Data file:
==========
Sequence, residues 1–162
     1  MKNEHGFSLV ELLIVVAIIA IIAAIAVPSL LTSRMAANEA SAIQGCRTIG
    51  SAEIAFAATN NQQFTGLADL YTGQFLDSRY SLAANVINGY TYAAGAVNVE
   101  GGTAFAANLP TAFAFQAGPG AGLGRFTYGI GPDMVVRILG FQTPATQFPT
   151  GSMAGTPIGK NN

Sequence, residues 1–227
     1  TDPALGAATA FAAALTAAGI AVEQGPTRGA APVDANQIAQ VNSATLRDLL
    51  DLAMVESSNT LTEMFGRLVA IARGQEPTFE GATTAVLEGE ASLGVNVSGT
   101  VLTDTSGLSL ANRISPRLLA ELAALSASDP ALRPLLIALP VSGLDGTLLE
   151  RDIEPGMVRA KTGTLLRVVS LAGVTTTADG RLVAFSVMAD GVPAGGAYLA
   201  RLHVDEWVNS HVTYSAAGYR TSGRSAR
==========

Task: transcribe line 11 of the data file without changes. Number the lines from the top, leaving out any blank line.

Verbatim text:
   201  RLHVDEWVNS HVTYSAAGYR TSGRSAR